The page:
3) Widespread Doubt - This may seem to conflict with #2, but believe me when I say the two co-exist. Along with the expectations, recent teams have had to face a nation of fans, coaches, and media repeating the idea that Duke doesn't have what it takes. They're not athletic enough, not hungry enough, not tough enough, not big enough. In the past, these critiques held some truth.

When an entire team is confronted with this kind of negative pressure, how can they react? There are three options, as far as I can tell: by cowering, by acting out to the team's detriment, or by circling the proverbial wagons and trying to shut out the distractions. To Coach K's credit, I've never seen a Duke team take the second option. We have cowered, I think. Intimidation has ended our season in the past. But this year's team has chosen to pull together, and they've followed up with intense commitment. In hindsight, the choice was probably made as far back as the summer, when players like Nolan Smith made huge improvements as a result of unsparing workouts. Or maybe they came together in the wake of the Villanova loss last season. It's hard to know.

What's easier to see is that along with shared adversity, many of our players brought their own individual adversity into the group consciousness. When you run down the list, it starts to get pretty remarkable.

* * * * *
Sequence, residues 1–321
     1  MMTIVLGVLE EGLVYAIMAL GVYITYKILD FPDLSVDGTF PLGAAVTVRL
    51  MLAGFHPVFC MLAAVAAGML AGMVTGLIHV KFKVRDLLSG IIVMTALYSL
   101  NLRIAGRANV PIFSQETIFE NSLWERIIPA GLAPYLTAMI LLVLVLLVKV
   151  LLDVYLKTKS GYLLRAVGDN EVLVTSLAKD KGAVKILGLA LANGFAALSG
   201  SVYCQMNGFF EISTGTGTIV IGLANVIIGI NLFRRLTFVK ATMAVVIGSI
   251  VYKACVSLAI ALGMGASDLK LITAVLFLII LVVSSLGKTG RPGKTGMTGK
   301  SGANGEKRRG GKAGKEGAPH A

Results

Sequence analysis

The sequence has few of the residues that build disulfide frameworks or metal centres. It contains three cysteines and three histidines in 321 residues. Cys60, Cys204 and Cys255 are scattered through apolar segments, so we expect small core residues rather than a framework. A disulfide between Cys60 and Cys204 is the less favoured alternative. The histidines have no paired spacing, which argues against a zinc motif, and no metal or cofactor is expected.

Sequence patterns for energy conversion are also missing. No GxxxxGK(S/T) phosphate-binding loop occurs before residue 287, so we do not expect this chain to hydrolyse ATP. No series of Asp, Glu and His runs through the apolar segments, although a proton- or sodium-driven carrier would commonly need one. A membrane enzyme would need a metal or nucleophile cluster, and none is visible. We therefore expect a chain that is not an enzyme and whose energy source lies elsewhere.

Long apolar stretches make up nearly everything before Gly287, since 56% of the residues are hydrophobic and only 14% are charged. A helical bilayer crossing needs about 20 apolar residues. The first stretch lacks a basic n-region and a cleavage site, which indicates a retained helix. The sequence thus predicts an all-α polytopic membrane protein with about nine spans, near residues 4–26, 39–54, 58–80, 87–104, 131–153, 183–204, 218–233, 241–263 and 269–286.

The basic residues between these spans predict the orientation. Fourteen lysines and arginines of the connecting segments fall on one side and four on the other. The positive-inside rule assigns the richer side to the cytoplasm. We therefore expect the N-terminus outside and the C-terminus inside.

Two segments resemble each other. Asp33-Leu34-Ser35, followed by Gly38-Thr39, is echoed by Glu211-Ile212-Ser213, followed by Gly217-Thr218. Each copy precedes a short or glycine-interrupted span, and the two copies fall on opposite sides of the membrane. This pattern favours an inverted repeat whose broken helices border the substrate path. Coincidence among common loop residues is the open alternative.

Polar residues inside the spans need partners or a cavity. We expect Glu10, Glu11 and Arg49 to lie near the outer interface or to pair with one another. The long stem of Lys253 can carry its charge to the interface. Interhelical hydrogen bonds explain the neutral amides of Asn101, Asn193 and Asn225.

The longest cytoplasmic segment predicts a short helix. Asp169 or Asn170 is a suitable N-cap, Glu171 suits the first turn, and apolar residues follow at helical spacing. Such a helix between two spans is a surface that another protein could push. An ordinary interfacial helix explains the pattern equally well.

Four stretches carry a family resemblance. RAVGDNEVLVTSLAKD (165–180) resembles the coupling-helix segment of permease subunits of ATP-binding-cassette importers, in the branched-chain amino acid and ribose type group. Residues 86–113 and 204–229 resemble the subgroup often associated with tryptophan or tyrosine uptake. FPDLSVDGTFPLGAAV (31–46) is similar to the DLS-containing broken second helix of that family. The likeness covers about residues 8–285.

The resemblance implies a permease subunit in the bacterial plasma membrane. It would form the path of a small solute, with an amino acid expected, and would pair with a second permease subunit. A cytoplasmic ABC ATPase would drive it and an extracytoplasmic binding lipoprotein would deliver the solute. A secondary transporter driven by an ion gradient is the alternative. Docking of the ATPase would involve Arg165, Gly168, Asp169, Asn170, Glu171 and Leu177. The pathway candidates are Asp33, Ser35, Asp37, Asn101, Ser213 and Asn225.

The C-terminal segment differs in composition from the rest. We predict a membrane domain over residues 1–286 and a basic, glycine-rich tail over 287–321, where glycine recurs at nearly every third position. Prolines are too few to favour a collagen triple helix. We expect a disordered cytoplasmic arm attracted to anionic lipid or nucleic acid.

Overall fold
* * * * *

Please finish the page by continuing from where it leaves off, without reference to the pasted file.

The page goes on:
Nolan Smith - Nolan's story is the most profound, and the saddest. When he was 8 years old, his father Derek collapsed and died in front of him on a cruise ship. Derek played in the NBA, and the last thing he ever told his son was that attitude meant everything in basketball. The two were extremely close, and the impact on Nolan hasn't faded. You can read more in this excellent ESPN piece from last year.

Nolan now has a tattoo of his dad's face, name, and number on his right arm. Before the Baylor game, he sent a last message on his twitter account: "This one's for you, dad. I love you!" After scoring 29 points and winning the Most Outstanding Player award for the region, he gave credit to Derek. "I always play for him, to honor him, and he's always with me, but today I could really feel him. There were a couple of times, a couple of shots, that I knew he was with me."

Andre Dawkins - Baby Dawk is just a freshman, but earlier this season, before a game to St. John's, his half-sister died in a car accident on her way to see him play. Dawkins played without knowing, and scored 2 points in a win over St. John's. Coming into that game, he'd been averaging 9.9 points. After, he took a leave of absence. Needless to say, he wasn't the same when he returned. It took him most of the season to re-gain any playing time, but slowly he worked his way into the roation. Against Baylor, he hit two huge threes in the first half.